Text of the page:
The most imaginative section begins in round four when you hit the ground. Here Owings has designed essentially an ab-based workout that mimics some of the movements you’ll find in Brazilian Jiu-Jitsu. Starting off with basic hip-escapes you move on to things like ‘kimura sit-ups’. This isn’t BJJ 101 so you’ll have to use your imagination a little, but what it is is a fun alternative to your average workout.
Overall this is another fun workout that works up a good sweat and offers plenty of variety to keep it interesting.
Strength And Endurance
Strength & Endurance is the first of two workouts that have more of a slant towards using weights in the later rounds and targets most of your major muscle groups.
It starts off with a couple of rounds of bodyweight exercises such as squats, iso-squats (tough!), push-ups and burpees which definitely gets your heart going. Then it’s on to three rounds of mostly weights based work as you do a variety of dumbell swings, overhead presses, rows and rotating curls to name but a few alongside slightly more exotic moves like ‘Around The World’s’ and ‘Dumbell Get-ups’.
It all flows nicely together and switches between muscle groups well so that you get a chance to give certain muscle groups a breather at times while focusing on others. You can also adjust the weights you’re using if you want a challenge, but don’t go crazy as there is a focus on endurance here and you can easily fall behind if you’re lugging heavy dumbells around.
Full Body Strength And Conditioning
As the name suggests the ‘Full Body’ workout is another one that targets all your muscle groups and is one of the more challenging DVD’s in the system.
Like the previous workout it starts with body-weight exercises. The first five minute round comprises of one sequence consisting of two exercises, 10 squats followed by 5 hindu push-ups repeated as many times as you can manage. It sounds simple enough, but if you attack it like Owings encourages you to you’ll really feel it and it really sets up the rest of the workout which delivers a lot of dumbell work.
The second round also only consists of one sequence – a dumbell get-up followed by a 3x one leg / one arm rows repeated as many times you can. Five minutes of this is certainly tough mentally and physically. The final three rounds change things up by offering rapid changes of dumbell exercises varying between targetting the upper and lower body, and some both at the same time.
Expect to feel very tired after this one, but it’s rewarding to complete it and you’ll get satisfaction from seeing how much you improve with it over time.
Explosive Power Training
This is a five round plyometric workout that focuses on explosive moments and excercises performed over a limited number of reps. Unlike some of the other workouts in the program this one encourages you to go for heavier weights and it’s not as challenging from a cardio perspective, though you will still work up a good sweat.
Along the way you’ll perform dumbell exercises like jumping squats, push presses and power cleans, along with explosive bodyweight movements like fencer’s lunges and lateral leaps.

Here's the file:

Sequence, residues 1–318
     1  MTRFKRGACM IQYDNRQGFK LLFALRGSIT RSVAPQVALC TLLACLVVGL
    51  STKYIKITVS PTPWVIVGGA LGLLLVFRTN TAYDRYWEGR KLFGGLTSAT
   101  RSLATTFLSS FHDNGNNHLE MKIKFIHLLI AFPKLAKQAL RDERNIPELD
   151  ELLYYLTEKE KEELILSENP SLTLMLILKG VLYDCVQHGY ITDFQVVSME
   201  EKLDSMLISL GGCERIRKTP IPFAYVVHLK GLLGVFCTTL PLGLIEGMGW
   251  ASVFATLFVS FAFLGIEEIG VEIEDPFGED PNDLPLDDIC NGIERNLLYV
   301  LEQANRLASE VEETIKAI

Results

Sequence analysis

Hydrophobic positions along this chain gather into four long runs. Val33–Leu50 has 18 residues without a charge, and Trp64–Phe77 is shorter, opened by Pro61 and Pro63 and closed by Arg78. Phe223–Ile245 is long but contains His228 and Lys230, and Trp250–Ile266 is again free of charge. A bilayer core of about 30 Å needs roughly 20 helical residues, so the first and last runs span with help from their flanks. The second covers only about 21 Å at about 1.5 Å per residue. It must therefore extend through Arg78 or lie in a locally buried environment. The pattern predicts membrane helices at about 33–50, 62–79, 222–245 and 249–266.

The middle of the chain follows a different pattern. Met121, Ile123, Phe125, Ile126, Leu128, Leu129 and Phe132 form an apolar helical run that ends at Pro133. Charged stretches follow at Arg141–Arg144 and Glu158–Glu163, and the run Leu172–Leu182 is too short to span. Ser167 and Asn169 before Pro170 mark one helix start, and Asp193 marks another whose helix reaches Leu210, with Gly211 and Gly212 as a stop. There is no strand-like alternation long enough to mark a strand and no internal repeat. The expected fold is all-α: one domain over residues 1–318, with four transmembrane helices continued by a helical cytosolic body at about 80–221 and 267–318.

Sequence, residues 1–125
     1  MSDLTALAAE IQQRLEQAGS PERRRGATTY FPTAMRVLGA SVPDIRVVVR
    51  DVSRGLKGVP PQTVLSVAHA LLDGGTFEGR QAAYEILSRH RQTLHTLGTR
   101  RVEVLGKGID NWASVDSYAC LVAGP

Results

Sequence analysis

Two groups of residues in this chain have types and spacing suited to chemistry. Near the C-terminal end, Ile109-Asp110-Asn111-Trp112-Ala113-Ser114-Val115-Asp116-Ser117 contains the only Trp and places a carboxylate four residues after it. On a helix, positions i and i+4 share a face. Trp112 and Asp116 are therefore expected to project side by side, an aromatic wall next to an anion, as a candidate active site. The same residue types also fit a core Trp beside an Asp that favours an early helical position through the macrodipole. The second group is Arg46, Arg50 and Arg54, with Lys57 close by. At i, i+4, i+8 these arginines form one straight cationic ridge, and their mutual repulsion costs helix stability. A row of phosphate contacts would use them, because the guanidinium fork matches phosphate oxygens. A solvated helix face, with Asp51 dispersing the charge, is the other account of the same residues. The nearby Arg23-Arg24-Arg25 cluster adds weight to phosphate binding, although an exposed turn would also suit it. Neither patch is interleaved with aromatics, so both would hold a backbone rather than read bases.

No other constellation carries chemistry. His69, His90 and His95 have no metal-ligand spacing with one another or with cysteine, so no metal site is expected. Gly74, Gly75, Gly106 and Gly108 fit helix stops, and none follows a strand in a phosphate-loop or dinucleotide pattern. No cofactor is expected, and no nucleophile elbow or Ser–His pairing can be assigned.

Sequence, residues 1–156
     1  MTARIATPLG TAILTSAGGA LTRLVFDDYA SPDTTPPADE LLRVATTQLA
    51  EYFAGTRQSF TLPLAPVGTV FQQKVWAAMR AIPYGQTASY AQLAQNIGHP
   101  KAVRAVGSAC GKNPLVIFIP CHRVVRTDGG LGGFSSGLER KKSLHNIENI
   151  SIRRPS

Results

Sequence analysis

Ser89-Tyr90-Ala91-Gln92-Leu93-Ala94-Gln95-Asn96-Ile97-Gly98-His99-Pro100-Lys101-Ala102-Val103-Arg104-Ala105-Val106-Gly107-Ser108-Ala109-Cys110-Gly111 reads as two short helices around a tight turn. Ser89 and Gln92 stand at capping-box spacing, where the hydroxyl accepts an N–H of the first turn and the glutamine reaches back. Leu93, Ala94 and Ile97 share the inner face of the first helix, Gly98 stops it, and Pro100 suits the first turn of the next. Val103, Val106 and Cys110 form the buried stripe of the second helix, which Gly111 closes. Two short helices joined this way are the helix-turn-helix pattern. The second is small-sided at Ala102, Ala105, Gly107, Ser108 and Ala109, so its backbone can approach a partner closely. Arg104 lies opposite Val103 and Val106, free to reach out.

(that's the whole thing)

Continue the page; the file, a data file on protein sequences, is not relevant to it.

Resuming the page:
Stretching / Balance And Agility
Two bonus workouts are squeezed onto the final DVD in the set. ‘Stretching’ does just as the name suggests and is the most relaxing workout in the series.
It all pretty basic stuff, you’re unlikely to find much in this aproximately 26min workout that you haven’t seen before, from neck, hip and ankle rotations through to hamstring and quad stretches. Personally I found it a little simplistic, but it’s certainly a welcome respite from the more intense workouts you’ll be doing.
Meanwhile ‘Balance And Agility’ is a fun 24 minute workout which starts off with some fairly straight-forward balance exercises, but later moves on to some interesting variations mimicing animal movements such as ‘Gorilla Squats’, ‘Mule Kicks’ and ‘Alligator Crawls’ which are challenging and a refreshing change of pace.
I happily stuck with the program for the full 8 weeks and didn’t miss a single workout which left me with a nice feeling of accomplishment.
As for the results – I wasn’t all that heavy to begin with, but I still lost the best part of a stone over the course of the 8 weeks. Most importantly I lost the majority of my expanding belly in the process which was my main goal and I could start to see my abs coming through. After that I moved on to a different program and to be honest in hindsight I’m kicking myself that I didn’t do a few more weeks of Rushfit first as it was working well.
Aside from the weight loss I definitely toned up though to be fair I’m not going to be competing at ‘The Arnold’s’ any time soon, and due to more of a focus on body weight exercises and light weights I don’t think Rushfit was ever designed to do that anyway.
One thing I did notice was a big increase in my cardio in particular and also my strength levels over the course of the program. As part of the system you do an initial fitness assessment before you begin and then the same one after you complete the 8 weeks and a I blew my initial numbers for things like sit-ups, press-ups, squats and burpees out of the water.
I’d highly recommend Rushfit if you’re looking to get in shape. Perhaps the biggest compliment I can pay it is that roughly a year after I first used it and having tried a number of other popular workouts since, ‘Rushfit’ is still my favorite one and while I haven’t gone through another full 8-week program with it, I still generally incorporate at least one or two workouts from it in my weekly fitness routine.
If you’re looking for bulging biceps then this might not be your first port of call, but if losing weight, toning up and getting in great shape cardio wise are your goals then Rushfit will serve you very well.
Most importantly though from my point of view is that this program is actually fun to do. There’s a good amount of variation in each workout to keep it from becoming stale, the fact that each workout is only 40 minutes from start to finish (including warm-up) means it’s easy to fit into your daily routine, and trying to keep up with St.Pierre will keep you motivated.